Building Power for the Long Haul
What happens now? One year later...or ten, recruiting leaders, one-on-one conversations and putting people into action is still the key to a vibrant activist union that builds power for working people.
“Power in numbers” still applies and you can use the same tools you did when you built your union for the very first time. Assessment and planning helps decide where to start.
decide where to start
Regardless of whether you want to sign up more members, ramp up participation in meetings or increase the number of activists, start with an evaluation of your own internal strengths and weaknesses.
- Do we have a good list of both members and nonmembers and do we know how to reach them?
- Which members have been active in some way or another over the years?
- Are there any issues that might help us unite people and get them engaged?
recruit an organizing committee
An organizing committee expands ownership and creates more roles for members to be active. This can be the officers and stewards but involve others. Recruit and engage a representative group of workplace leaders to lead the campaign.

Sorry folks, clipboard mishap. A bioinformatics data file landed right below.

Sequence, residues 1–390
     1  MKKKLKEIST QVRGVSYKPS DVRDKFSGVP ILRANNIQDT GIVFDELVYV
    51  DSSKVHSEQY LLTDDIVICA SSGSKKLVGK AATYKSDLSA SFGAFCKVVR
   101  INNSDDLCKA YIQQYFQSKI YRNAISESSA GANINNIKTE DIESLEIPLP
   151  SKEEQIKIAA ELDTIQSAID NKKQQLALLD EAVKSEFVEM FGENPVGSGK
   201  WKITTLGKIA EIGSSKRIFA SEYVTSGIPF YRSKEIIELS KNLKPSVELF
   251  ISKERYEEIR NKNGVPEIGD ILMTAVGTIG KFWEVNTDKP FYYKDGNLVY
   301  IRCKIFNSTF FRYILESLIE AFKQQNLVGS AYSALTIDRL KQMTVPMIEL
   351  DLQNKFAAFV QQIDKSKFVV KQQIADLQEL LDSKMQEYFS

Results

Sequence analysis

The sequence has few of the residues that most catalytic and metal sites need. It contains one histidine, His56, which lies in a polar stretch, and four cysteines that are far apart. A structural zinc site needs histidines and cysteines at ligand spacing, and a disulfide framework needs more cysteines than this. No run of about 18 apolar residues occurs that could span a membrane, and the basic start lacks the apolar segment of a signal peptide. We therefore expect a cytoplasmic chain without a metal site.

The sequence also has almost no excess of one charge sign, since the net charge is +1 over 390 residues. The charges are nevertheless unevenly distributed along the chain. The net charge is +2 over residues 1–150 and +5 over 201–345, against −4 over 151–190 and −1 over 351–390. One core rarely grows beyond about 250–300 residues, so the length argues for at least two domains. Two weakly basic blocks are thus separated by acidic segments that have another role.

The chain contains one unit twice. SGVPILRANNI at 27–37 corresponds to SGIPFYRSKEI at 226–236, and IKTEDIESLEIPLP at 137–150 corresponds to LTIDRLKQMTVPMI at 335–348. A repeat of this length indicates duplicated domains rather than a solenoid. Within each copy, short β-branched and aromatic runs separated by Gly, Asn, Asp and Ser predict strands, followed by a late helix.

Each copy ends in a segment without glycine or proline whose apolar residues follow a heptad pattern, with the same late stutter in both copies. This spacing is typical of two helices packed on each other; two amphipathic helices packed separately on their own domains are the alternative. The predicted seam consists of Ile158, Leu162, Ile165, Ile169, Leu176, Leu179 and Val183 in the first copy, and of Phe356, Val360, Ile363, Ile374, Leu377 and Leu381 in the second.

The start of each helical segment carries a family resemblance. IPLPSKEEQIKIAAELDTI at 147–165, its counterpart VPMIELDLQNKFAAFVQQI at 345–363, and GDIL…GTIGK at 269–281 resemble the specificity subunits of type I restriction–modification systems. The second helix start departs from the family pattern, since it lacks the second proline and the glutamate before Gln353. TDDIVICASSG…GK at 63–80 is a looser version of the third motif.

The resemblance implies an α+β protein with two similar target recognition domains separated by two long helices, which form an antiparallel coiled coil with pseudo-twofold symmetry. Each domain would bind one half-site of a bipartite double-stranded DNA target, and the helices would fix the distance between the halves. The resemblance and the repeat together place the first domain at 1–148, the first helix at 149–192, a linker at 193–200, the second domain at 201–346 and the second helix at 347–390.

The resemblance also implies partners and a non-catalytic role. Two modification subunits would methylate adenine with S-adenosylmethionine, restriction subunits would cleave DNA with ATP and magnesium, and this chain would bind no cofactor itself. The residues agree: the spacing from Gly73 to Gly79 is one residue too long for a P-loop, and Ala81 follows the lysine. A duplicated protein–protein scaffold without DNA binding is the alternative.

Use your #1 organizing tool
A face-to-face conversation is still the best way to engage other members in the union. Even though you think people should be paying attention and care as much as you do, just dropping them an email or passing out a leaflet may not do the trick. Refresh your committee on the value of one-on-one communication and how to put it into practice to engage members and recruit activists.
Getting people together around workplace issues that are important to them will help them make the connection to the union. This will always work better than just "come to the union meeting" or "you should join the union." Engaging people in actions as part of an issue campaign can help remind and energize them on why we organized a union and how we can make a difference.
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